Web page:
Do you want to make a difference in the life of a child? Are you dependable, caring, understanding, patient, adaptive, and able to accept a child’s experience and importance of their family? Do you have experience in caring for children? Then you could be a great foster parent for children in need in your community!
Are you the relative or kin of a child involved in the foster care system? Are you considering being a relative or kinship care provider? Every family situation is unique and some of this information may not apply to your family’s circumstances, but hopefully will assist you with your kinship journey.
According to MN Rule 9560, foster care is defined as “the 24-hour-a-day care of a child following placement by the commissioner or a licensed child-placing agency with legal placement responsibility pursuant to a court order or voluntary placement agreement, in any facility that regularly provides one or more children, when unaccompanied by a parent or guardian, with a substitute for the care, food, lodging, training, education, supervision, or treatment they need which for any reason cannot be furnished by a parent or guardian in the child’s home.”
MN Rule 9560
Foster care is a temporary arrangement for children whose parents are struggling and are unable to take care of them. There are a variety of reasons that children’s family situations come to the attention of a child welfare agency. When possible, child welfare agencies will work with families to keep kids safe and meet their needs at home; unfortunately, sometimes that is not possible and it is necessary for kids to be placed in foster care. The most common reasons that children need out-of-home placement are due to parental drug abuse, allegations of neglect, and/or allegations of physical abuse. https://edocs.dhs.state.mn.us/lfserver/Public/DHS-4760-ENG
Foster care is a great way to provide support and nurturance to children while their family works towards reunification. On average, there are approximately 8,600 youth in care on any given day (2020). They are in need of loving homes where they can feel safe and flourish.
When foster care is necessary, it is ideal for children to be placed with relatives or kin who know and care about them. When there is not a relative or kin placement option immediately available, children are placed in non-relative foster care. Being in a family setting provides youth in foster care with the support critical to their emotional health and well-being. Children in foster care need caring adults in their lives to help them build self-esteem, feel safe, and develop positive relationships.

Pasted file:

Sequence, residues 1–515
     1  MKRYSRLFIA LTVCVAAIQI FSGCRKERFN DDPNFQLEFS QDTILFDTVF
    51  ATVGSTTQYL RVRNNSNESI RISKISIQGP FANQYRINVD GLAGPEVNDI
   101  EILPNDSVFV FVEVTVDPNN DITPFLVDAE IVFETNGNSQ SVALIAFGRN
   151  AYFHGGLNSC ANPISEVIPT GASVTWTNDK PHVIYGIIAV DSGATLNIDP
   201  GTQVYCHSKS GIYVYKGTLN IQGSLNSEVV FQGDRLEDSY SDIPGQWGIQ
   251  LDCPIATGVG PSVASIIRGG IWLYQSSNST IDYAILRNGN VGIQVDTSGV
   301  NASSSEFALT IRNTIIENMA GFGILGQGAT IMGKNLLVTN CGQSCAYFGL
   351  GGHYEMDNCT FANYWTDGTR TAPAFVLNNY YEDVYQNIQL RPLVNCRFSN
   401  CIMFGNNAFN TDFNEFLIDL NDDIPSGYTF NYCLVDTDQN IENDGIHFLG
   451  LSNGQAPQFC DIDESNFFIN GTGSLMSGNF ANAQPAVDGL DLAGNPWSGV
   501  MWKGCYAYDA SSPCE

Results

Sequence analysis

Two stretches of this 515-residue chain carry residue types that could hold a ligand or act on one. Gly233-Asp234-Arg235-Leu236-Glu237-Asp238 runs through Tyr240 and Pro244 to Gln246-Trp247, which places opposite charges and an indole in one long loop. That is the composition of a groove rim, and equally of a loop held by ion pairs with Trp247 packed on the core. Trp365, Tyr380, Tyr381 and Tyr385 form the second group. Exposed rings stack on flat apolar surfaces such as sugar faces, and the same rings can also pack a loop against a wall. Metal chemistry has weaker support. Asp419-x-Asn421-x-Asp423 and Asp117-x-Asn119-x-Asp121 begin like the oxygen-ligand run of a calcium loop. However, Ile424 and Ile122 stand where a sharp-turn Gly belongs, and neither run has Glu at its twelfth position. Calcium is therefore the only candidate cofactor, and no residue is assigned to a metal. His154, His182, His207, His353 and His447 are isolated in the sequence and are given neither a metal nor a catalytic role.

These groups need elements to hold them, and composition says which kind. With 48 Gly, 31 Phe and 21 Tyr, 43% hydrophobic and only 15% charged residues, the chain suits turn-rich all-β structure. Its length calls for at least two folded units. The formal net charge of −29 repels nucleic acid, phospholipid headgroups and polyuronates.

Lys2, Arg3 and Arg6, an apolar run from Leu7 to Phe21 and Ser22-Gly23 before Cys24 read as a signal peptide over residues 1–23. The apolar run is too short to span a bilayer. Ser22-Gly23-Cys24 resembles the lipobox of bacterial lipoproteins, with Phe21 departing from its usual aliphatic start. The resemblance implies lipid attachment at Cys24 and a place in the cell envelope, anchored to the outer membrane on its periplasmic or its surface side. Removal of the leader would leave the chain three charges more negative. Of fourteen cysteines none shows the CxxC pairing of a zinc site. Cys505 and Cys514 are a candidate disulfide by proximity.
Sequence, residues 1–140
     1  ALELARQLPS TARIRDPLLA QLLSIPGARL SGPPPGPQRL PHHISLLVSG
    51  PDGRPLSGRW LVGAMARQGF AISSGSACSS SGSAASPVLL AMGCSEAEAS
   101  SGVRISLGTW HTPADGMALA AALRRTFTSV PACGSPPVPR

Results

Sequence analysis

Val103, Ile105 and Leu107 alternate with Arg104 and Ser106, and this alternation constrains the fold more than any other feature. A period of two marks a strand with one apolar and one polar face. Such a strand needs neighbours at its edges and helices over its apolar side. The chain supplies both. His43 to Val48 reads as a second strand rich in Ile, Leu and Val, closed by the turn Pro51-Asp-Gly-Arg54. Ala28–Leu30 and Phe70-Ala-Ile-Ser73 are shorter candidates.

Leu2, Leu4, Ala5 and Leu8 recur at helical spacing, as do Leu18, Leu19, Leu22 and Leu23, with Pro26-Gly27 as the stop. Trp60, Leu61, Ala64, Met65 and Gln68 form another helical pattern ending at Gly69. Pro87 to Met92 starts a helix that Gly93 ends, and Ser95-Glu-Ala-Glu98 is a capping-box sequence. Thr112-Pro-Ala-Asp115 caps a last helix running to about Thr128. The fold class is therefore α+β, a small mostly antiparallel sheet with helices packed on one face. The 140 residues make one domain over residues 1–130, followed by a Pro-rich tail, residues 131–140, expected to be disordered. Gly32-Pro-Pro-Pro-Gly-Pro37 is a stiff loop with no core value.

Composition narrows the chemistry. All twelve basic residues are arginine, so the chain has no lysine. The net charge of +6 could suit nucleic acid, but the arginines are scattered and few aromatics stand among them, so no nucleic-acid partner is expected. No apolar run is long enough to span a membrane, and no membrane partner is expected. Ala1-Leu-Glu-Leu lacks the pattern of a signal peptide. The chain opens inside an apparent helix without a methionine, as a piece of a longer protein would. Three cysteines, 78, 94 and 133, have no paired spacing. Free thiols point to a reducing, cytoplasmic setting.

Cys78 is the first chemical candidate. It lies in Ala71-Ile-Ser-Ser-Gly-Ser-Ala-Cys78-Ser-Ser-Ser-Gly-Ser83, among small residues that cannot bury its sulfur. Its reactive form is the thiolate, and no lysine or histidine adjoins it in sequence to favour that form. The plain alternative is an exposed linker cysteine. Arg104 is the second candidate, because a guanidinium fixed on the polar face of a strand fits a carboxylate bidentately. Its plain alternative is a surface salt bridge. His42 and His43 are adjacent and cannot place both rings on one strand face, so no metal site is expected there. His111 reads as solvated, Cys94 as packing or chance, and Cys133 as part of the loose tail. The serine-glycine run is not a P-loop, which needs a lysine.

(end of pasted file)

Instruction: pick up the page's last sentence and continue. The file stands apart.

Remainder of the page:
Foster parents are as diverse as the children they care for. A foster parent may be of any race(s), religion, orientation, single, married, or in a relationship, have children or not have children, rent or own their home. What they share is a concern for children and a commitment to help them through tough times. They provide critical temporary care and nurturing to children in crisis. Families may work with a county agency , tribal agency or a private foster care agency.
If you are interested in foster care, and ready to gather information from your county or a private agency, we encourage you to complete our inquiry form. You may also contact your county, agency, or tribe directly. If you have questions or need further assistance identifying an agency, please contact us at firstname.lastname@example.org or 612-861-7115.
Children who grow up separated from their family of origin often have special needs related to their childhood trauma. Children with special needs are those who have, or are at risk of, physical or mental disabilities, and/or emotional or behavioral challenges, which includes those who have a trauma history. Sibling groups who need to be placed in foster care together are also considered to have special needs.
Many special needs are physical and can result from prenatal exposure to drugs and alcohol, genetic birth defects and early neglect or physical abuse. Emotional and behavioral special needs often result from neglect, sexual, or physical abuse, which may be accompanied by emotional abuse. Many behaviors of children with special needs are coping and survival skills that developed over time. Their behaviors are responses to difficult situations that the children have experienced.
Individuals who are interested in providing child foster care must attend foster parent orientation sessions offered by one of the 87 Minnesota County Social/Human Service divisions or a private child foster care agency licensed through the Minnesota Department of Human Services to provide foster care services. Providers will then need to complete the full licensing process with the entity they choose to work with to complete their foster care license. Foster parents working with one of the tribal communities need to complete all tribal licensing requirements.